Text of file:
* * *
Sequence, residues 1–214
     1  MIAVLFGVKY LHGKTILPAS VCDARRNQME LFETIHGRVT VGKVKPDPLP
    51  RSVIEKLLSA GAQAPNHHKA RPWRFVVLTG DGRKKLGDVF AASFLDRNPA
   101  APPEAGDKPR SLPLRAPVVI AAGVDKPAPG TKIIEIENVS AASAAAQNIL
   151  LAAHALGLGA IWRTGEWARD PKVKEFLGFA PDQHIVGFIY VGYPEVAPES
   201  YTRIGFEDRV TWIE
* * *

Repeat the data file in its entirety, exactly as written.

Sequence, residues 1–214
     1  MIAVLFGVKY LHGKTILPAS VCDARRNQME LFETIHGRVT VGKVKPDPLP
    51  RSVIEKLLSA GAQAPNHHKA RPWRFVVLTG DGRKKLGDVF AASFLDRNPA
   101  APPEAGDKPR SLPLRAPVVI AAGVDKPAPG TKIIEIENVS AASAAAQNIL
   151  LAAHALGLGA IWRTGEWARD PKVKEFLGFA PDQHIVGFIY VGYPEVAPES
   201  YTRIGFEDRV TWIE